Jeep and Fiat were recent losers in both studies, but most Fiat Chrysler Automobiles brands fared poorly in the VDS. Fiat, Jeep, Dodge and Chrysler accounted for four of the bottom nine brands; FCA's Ram truck division was the sole bright spot, landing above average.

Lexus remains the highest-ranked VDS brand for its fourth consecutive year. The brand's 89 problems per 100 cars were the lowest of all brands by a significant margin. By contrast, Land Rover and Fiat both had more than 250 problems per 100 cars — the industry average was 147 problems per 100 cars.

The 2015 VDS analyzed 177 specific problems across eight categories. Here are the full rankings:

By Kelsey Mays | February 25, 2015 | Comments (3)

Used Luxury Cars Cheaper in January, Full-Size Vans More Expensive

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Used luxury cars became more affordable in January, with seven of the 10 models with the biggest price drops hailing from luxury brands.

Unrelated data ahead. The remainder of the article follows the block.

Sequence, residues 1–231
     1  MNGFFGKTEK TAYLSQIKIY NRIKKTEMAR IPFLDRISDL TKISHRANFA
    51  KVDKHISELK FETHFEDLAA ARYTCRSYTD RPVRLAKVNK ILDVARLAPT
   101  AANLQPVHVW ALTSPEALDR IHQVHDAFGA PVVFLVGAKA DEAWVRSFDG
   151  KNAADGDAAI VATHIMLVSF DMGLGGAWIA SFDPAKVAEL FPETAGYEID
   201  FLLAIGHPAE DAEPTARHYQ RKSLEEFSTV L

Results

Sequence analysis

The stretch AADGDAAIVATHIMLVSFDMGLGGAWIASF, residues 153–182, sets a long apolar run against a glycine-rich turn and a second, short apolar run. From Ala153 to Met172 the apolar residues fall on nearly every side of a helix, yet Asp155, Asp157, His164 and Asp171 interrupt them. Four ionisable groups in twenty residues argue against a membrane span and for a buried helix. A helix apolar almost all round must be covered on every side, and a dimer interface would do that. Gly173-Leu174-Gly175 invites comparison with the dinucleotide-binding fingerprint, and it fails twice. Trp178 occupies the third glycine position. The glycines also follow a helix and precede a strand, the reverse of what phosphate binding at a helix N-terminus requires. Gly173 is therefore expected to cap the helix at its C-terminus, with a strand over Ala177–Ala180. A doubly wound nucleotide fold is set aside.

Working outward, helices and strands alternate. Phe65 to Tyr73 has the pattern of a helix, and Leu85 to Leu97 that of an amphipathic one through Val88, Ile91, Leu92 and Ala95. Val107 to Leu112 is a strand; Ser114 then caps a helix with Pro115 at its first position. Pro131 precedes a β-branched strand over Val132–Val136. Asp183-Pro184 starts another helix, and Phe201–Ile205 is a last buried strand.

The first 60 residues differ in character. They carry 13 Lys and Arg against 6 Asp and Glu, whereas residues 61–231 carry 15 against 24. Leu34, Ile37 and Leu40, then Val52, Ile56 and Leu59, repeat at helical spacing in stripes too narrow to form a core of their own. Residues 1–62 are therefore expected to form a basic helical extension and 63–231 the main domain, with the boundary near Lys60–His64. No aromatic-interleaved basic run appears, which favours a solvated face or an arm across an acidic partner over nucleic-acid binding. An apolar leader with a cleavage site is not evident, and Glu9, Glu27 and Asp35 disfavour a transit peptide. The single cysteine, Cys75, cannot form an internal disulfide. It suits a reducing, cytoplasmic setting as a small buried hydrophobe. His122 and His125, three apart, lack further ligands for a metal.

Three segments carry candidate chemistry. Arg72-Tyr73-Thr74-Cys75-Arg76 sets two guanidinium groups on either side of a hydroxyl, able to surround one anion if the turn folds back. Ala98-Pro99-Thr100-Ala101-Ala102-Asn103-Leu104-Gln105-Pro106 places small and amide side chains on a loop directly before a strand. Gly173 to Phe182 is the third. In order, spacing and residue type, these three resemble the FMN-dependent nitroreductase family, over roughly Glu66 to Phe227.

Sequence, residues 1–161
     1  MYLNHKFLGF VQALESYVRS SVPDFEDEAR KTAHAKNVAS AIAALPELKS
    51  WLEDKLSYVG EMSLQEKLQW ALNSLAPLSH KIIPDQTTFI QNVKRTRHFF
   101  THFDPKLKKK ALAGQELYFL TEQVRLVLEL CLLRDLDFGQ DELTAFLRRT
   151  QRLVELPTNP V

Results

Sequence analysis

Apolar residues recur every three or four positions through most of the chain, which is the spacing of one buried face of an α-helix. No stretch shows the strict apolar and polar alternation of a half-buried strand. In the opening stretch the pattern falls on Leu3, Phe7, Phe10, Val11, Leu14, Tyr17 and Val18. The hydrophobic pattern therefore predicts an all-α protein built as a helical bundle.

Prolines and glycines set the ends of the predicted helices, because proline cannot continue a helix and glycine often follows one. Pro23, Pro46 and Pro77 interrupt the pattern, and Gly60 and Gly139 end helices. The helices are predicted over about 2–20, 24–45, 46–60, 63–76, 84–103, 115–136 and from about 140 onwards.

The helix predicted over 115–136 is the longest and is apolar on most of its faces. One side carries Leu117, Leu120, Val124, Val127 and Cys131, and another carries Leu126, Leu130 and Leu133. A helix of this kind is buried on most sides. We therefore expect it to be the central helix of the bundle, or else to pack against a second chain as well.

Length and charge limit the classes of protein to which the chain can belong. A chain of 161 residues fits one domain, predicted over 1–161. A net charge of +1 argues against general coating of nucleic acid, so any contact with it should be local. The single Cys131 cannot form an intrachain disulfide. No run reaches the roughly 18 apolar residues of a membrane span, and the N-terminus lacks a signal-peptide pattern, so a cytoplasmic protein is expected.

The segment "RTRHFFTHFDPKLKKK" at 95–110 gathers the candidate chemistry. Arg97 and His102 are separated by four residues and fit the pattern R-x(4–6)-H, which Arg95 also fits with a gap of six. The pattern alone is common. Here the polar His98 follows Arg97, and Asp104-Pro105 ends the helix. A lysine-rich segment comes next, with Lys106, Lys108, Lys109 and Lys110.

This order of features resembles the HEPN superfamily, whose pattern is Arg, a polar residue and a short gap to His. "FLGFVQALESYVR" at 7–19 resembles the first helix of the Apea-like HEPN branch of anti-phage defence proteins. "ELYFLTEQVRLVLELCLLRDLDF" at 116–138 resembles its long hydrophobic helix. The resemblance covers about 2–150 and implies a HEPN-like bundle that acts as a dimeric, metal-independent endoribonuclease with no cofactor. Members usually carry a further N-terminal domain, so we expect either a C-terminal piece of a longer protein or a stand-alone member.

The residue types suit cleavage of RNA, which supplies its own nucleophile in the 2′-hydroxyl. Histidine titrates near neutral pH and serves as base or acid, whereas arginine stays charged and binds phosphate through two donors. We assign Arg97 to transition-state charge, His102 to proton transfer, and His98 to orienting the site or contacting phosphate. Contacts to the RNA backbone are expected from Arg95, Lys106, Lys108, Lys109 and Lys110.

Average asking prices for Mercedes-Benz's flagship S-Class sedan fell the most last month, down 4.2 percent ($2,757) to $63,563. Close behind were two models from rival BMW: the 535i midsize car and Z4 sports car. Their prices declined 4.1 percent ($1,869) and 4 percent ($1,685), respectively.

Related: Used Cars Could Depreciate More in 2015

Meanwhile, four of the top five models with the greatest price gains were versions of two full-size vans: the Chevrolet Express and Ford E-Series. The Express 1500 had the biggest price increase, up 4.8 percent ($1,014), and the E-250 Super Duty was a close second with a 4.5 percent ($1,015) jump.

The charts detail used cars from the 2012 to 2014 model years with the biggest price drops and increases. To be eligible for the lists, a model had to have at least 250 cars in Cars.com's national search listings.

By Mike Hanley | February 6, 2015 | Comments (0)

Used Cars Could Depreciate More in 2015